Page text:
Jump to content

Increased ADSO Effect on Recruiting and Retention


Recommended Posts

I'm sure it's been beat to death but I'm curious what everyone's thoughts are on the matter, both from a personal and academic standpoint. Do you think it will help retention? Hurt recruiting (reduced quantity/quality of applicants)? What could the Army have done instead of forcing pilots to stay in longer? Was it the regional airlines drawing pilots out of the Army or were they slowly being pushed out by deployments, additional duties, etc.?

The Army brass claimed they increased it to 10 years to establish parity with the USAF but left out the part where it takes twice as long and up to 10x as much money to train an Air Force pilot. Do you believe the parity argument has merit?

I'm a flight company commander in the ARNG, a regional airline pilot, and have been hired to fly heavies for an ANG unit (a 10 year ADSO I'm happy to sign on for). Beyond my personal curiosity, I'm trying to compile data for my master's program capstone. I've attached a link to my survey and any responses are greatly appreciated. Thanks for your time!
  • Like 2
Link to post
Share on other sites

I have a few questions for you but first, congratulation in crossing over to the Air Force side. What took you so long?

Why Army aviation in the first place? Did you initially feel Army aviation was a better fit in your career goals?

Are you dual rated in the Army. Which aircraft(s)?

Which AF aircraft will you be flying? My guess is either the C-130, or KC-135.

Will the AF 10yr ADSO take you over 20yr when including your Army time for retirement purposes.

There was a former Army Reserve UH-60 flight Warrant that flew as the Thunderbird slot pilot a few years ago.

Link to post
Share on other sites

@zaurusThanks! Had a couple guys try to crossover before their ADSOs were up and got blackballed real hard in the battalion (which is the entire aviation community in my state) so I wanted to make sure I was clean before I took my shot.

I wanted to fly Black Hawks since the 4th grade and didn't really consider anything beyond that. Never expected to fly for a living until the airlines started giving rotary guys a chance. Only rated in the 60A/L/M, going to the C-130. Most definitely, will probably be looking at 25 years by the time I can even think about retiring.

Glad the AF has had some success with us refugees! I personally never want to fly anything I can't stand up and use a bathroom in ever again, but that's just me haha.

Link to post
Share on other sites

I never considered myself as a refugee but I will wear that badge proudly. I assume you had over 10 years in the Army service before switching. That being the case, that will allow future Amy aviators with the new Army 10yr ADSO in crossing over to the Air Force as well.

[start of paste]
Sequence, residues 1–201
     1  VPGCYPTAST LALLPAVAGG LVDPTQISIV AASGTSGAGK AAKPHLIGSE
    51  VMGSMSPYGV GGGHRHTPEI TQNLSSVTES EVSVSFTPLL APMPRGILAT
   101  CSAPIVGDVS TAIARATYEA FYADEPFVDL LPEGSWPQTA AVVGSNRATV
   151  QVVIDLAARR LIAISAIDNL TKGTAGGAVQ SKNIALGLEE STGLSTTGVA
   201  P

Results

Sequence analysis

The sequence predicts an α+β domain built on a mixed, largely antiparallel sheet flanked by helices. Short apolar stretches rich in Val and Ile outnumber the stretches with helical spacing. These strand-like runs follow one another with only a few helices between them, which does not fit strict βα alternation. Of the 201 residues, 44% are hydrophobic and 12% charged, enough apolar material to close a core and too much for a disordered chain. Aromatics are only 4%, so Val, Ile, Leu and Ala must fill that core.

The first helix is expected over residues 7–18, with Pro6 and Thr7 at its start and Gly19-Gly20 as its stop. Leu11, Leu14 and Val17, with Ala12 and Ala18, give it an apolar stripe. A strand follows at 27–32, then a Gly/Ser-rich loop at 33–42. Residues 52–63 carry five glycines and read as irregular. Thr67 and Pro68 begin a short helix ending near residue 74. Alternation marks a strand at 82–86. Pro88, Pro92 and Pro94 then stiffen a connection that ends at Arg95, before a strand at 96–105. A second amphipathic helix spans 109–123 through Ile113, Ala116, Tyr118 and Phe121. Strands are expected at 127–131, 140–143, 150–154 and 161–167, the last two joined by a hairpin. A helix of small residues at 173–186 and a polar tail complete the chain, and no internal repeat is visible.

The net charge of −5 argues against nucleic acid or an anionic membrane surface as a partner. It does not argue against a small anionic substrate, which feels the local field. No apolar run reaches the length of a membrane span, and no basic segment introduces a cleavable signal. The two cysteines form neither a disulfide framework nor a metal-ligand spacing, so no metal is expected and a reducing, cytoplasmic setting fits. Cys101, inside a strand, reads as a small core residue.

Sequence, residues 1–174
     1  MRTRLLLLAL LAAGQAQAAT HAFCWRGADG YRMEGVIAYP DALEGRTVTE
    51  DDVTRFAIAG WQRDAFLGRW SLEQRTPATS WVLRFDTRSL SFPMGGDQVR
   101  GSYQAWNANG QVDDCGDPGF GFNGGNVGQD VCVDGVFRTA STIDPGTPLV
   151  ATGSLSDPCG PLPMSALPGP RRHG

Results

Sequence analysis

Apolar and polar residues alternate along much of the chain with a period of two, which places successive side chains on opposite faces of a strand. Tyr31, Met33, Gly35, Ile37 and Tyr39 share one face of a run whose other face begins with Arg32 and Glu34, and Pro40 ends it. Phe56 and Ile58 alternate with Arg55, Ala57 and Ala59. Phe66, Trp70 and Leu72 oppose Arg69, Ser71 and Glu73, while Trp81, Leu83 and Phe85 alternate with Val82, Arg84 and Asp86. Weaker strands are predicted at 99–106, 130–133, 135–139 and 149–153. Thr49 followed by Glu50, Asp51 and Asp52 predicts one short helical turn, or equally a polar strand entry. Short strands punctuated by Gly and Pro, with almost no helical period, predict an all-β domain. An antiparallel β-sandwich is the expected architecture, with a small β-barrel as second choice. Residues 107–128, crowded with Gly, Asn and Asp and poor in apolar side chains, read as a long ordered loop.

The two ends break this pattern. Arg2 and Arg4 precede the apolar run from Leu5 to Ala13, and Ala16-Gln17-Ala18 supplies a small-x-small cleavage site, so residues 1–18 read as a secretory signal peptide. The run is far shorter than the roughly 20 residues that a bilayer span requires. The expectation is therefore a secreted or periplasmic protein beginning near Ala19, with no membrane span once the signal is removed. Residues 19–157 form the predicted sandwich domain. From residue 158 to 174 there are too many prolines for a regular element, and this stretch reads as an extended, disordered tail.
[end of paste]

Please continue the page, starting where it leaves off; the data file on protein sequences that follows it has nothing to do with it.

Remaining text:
Was that an issue in being selected by the AF in having more than 10 years of Army service? AF SUPT is a little over 11 years including training. The two takes you over 20 years for retirement.

When it comes to military aviation, I consider Army aviation as the low hanging fruit. In reaching higher, the reward is sweeter.

But Army aviation is better than sitting behind a desk and possibly dying of boredom.

 

Link to post
Share on other sites

I stuck around the Army as long as I could without chasing a career.  I wasn’t interested in professional military education, OERs, promotions, etc.  That’s not what I was serving for.  I wanted to be the best aviator in the unit.  I worked hard on my additional duties but not to the detriment of my flying.  Eventually that becomes a dead end in Army Aviation.

The timing was right though.  I started to really appreciate the risks of the job and realized that my time was up.  I spent my entire 20s flying in the Army and my aggressiveness was quickly fading as I entered my 30s.  I looked at my growing family and the things I would be leaving behind.  As Cougar said in Top Gun, I was “holding on too tight” and had “lost the edge.”

Anyways, for two decades Army Aviation was the place to be if you wanted to go to war in a helicopter.  I was surrounded by Aviators of all backgrounds, many of them warriors who had an intimate understanding of the fight because they had been on the ground themselves.  If you had a desire to fight an aircraft close up and dirty there weren’t many places outside the army you were going to get the opportunity.

The community was transitioning when I left.  Back to preparing for the future.  That’s not a bad thing, but had I been 20 again looking at the Army I’m not sure it would be the place for me anymore.  

Edit:  I forgot to mention that the bonuses, ADSOs, airlines and compensation were all pretty irrelevant in my decision to leave.  I had an Apache transition and a promotion to W3 in my back pocket, but the road ahead just wasn’t for me.